GPs need to play a stronger role in co-ordinating care for people with long-term or chronic conditions, according to a new report from The King’s Fund.
Co-ordinated care for people with complex chronic conditions, funded by Aetna and the Aetna Foundation in the United States, compares five UK-based case studies with a proven track-record in providing care co-ordination in primary and community care settings. It identifies the critical success factors that enable effective care co-ordination and how these might be transferrable to different settings, in the United Kingdom and elsewhere.
Across all of the five case study sites, limited engagement from GPs reduced both the effectiveness of care co-ordination and the number of referrals into the programmes. Despite attempts to address this, including financial incentives and information sessions, only one of the sites had managed to achieve the desired level of engagement with GPs.
The findings follow recent calls by the Health Secretary for general practice to improve the co-ordination of care for vulnerable older people, including proposals to allocate a named clinician to oversee their care.
The report concluded that the primary purpose of good care co-ordination should be to improve quality of care, rather than just to reduce costs, and that good care co-ordination should be driven at a local, rather than a system, level. The report also found a chronic lack of evaluation on which to judge the performance of care co-ordination programmes and recommended that there should be more measurement, evaluation, and reflection on performance.
Other key lessons from the report include:
- care co-ordination programmes can take some years to mature and to build the necessary legitimacy and capability to become accepted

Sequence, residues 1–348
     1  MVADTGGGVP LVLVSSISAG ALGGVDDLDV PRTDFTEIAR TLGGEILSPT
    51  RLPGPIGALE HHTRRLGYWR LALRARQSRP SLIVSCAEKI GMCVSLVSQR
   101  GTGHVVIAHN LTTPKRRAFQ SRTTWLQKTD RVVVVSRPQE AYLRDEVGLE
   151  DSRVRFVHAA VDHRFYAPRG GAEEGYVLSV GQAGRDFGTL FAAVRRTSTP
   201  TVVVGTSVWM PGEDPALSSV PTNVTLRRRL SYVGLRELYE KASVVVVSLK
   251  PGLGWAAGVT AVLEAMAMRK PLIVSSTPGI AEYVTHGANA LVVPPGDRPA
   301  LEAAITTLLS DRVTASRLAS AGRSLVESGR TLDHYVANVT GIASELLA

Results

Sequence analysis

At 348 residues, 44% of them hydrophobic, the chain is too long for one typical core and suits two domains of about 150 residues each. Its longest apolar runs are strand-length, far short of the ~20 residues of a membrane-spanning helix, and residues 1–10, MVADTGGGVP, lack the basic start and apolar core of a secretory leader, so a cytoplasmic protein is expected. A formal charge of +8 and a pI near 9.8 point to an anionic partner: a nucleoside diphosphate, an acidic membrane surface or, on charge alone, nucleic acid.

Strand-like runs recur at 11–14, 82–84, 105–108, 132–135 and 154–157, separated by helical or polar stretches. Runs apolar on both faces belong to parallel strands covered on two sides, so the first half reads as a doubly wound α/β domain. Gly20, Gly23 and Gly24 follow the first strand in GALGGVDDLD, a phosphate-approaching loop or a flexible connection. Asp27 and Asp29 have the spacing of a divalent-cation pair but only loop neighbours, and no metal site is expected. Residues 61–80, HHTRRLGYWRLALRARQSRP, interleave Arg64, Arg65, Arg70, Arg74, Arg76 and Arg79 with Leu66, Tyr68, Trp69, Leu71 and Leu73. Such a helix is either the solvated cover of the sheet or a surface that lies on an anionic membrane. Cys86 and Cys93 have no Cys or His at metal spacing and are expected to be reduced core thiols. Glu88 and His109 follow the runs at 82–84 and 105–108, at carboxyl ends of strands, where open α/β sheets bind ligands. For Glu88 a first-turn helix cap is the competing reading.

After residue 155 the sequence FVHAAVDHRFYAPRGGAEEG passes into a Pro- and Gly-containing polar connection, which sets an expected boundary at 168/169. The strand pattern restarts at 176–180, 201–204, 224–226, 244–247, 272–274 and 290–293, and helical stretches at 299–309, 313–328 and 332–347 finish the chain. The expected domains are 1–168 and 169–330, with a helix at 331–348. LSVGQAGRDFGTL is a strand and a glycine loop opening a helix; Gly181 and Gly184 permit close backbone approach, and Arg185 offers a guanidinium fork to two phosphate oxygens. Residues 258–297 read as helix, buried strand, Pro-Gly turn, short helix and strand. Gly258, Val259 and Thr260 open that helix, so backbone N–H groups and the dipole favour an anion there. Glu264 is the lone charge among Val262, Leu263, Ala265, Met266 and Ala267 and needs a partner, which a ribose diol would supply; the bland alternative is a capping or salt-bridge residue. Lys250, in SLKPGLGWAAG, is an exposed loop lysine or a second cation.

- successful approaches to care co-ordination cannot simply be transported ‘en bloc’ – understanding the local context is the key to transferring lessons from one setting to another
- there is potential to scale up operations by building a number of locality-based approaches under the direction of umbrella organisations – this might have more impact on reducing costs
- weak links with secondary care need to be addressed to improve transitions from hospital to home, reduce readmission rates and secure faster access to specialist knowledge
- models of care co-ordination are likely to be more effective when they operate as ‘fully integrated’ provider teams with a degree of operational autonomy.
Richard Humphries, Assistant Director of Policy, The King’s Fund said: ‘The importance of co-ordinating care has risen rapidly up the policy agenda. Our comparison of these five local success stories – the first analysis of its kind – shows that it is rarely easy to build an effective system of joined-up care. Common challenges include the need to strengthen engagement with local GPs and build better links with secondary care, as well as difficulties in securing long-term funding.
‘Our report offers some important lessons to those commissioning or delivering co-ordinated care about how they can apply the principles of these successful models, particularly the need to target specific local communities, and greater importance to be placed on monitoring and measuring the impact of care co-ordination. We hope that this learning will be used to inform the work of the government’s integrated care pioneer areas which are due to be announced imminently.’